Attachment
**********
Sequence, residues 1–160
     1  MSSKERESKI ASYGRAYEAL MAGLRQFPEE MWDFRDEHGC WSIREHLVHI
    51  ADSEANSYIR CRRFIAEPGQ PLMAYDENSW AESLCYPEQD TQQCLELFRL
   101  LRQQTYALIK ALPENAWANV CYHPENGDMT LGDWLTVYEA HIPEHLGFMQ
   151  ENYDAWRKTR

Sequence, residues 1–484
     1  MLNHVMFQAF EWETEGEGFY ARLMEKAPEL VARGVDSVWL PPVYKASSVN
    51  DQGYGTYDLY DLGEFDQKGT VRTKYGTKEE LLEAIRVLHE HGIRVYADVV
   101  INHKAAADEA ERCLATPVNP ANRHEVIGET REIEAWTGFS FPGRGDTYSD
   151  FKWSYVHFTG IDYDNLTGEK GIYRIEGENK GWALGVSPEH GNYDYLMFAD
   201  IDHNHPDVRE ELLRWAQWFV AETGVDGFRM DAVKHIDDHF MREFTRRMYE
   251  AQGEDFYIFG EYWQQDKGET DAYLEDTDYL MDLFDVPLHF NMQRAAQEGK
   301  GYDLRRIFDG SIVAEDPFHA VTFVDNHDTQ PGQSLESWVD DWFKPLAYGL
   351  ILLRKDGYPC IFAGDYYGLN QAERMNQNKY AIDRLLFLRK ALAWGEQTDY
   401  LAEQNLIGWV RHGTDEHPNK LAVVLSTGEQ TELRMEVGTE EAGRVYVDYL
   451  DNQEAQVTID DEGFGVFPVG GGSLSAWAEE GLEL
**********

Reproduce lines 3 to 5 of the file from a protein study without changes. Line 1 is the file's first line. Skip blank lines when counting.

    51  ADSEANSYIR CRRFIAEPGQ PLMAYDENSW AESLCYPEQD TQQCLELFRL
   101  LRQQTYALIK ALPENAWANV CYHPENGDMT LGDWLTVYEA HIPEHLGFMQ
   151  ENYDAWRKTR